To those looking to build the biggest, baddest high-end PC around, the wait for Sandy Bridge-E was no doubt painful. But, it’s finally here, and much to our expectations, Intel has once again solidified its position as the performance leader. So let’s take a look at what it offers, and compare it to the i7-990X, i7-2600K and AMD FX-8150.
Futuremark’s no stranger to most enthusiasts, as its benchmarking software has been considered a de facto standard for about as long as it’s been fun to benchmark. While its 3DMark software is undoubtedly the company’s most popular offering, PCMark is a great tool for summing up the performance of a PC with gaming being a minor focus rather than a major one.
PCMark 7 runs a total of nine “suites” that test a PC across scenarios that most people can relate to, such as gaming, video encoding, image editing and so forth. The processor is heavily stressed throughout most of these, with the graphics, I/O and memory also playing significant roles.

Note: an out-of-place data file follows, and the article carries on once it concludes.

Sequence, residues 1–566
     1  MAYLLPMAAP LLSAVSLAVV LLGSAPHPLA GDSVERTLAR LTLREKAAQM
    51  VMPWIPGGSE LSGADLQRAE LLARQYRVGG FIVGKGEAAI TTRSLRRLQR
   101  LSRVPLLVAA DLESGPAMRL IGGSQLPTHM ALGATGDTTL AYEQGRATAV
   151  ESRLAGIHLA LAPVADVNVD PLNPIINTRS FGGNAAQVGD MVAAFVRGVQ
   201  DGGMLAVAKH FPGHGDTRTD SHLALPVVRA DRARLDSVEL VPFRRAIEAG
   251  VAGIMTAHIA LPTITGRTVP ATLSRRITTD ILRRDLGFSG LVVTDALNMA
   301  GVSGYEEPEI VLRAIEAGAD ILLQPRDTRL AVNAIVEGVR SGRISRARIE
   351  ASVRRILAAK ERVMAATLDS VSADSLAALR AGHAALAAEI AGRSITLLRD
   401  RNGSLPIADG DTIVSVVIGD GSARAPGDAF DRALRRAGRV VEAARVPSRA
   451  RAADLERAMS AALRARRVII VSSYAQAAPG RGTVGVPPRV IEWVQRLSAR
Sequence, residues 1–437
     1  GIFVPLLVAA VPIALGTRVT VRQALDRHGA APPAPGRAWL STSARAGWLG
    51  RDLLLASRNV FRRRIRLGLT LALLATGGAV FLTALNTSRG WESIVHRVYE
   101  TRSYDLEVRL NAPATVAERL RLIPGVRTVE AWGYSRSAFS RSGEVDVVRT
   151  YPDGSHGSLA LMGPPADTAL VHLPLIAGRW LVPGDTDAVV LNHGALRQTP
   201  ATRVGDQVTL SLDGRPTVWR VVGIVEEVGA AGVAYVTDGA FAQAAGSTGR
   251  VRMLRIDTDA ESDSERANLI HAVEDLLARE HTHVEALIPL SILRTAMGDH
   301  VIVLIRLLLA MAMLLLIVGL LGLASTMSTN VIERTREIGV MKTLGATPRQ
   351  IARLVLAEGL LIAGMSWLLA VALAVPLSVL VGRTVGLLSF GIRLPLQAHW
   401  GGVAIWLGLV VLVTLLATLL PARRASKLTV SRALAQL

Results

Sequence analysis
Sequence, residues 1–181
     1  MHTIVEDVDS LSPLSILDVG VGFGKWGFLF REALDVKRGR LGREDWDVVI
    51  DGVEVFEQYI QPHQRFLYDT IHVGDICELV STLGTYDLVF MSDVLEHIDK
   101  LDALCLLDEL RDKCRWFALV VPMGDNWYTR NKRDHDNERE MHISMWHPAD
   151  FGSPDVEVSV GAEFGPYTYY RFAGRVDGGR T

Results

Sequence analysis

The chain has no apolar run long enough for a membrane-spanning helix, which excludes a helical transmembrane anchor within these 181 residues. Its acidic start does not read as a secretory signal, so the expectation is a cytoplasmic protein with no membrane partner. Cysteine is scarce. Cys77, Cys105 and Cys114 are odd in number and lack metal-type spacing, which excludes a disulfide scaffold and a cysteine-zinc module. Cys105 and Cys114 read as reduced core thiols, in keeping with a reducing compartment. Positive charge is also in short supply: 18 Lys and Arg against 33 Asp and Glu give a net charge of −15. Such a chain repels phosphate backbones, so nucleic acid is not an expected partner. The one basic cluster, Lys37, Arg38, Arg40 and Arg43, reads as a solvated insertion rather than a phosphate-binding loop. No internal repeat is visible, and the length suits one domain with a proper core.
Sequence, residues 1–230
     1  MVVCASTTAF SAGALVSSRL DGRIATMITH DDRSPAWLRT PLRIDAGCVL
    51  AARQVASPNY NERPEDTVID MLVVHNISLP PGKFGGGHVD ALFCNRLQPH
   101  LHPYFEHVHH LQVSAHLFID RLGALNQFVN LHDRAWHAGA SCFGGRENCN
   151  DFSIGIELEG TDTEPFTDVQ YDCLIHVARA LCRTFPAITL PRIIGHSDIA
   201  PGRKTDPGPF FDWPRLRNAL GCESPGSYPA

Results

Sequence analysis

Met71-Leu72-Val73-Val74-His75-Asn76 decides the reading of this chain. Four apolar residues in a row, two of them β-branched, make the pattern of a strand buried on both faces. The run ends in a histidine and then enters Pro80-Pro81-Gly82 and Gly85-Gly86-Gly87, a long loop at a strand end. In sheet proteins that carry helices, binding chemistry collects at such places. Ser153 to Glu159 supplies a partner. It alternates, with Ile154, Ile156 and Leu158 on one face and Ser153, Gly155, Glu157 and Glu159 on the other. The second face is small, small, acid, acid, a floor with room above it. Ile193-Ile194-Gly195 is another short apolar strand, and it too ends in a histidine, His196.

For the sake of easier viewing, we’ve split each suite result into its own graph. Most tests are self-explanatory by title alone, but if you are interested in learning a bit more about how each result is computed, you can download the whitepaper from our servers here (700KB PDF).
As multi-threaded as PCMark 7 is in design, it still doesn’t manage to show the same sort of scaling as other synthetic benchmarks do. Once again, this is another test which proves that Sandy Bridge just can’t be beaten. In overall use, PCMark 7 treats the i7-2600K and i7-3960X almost as equals.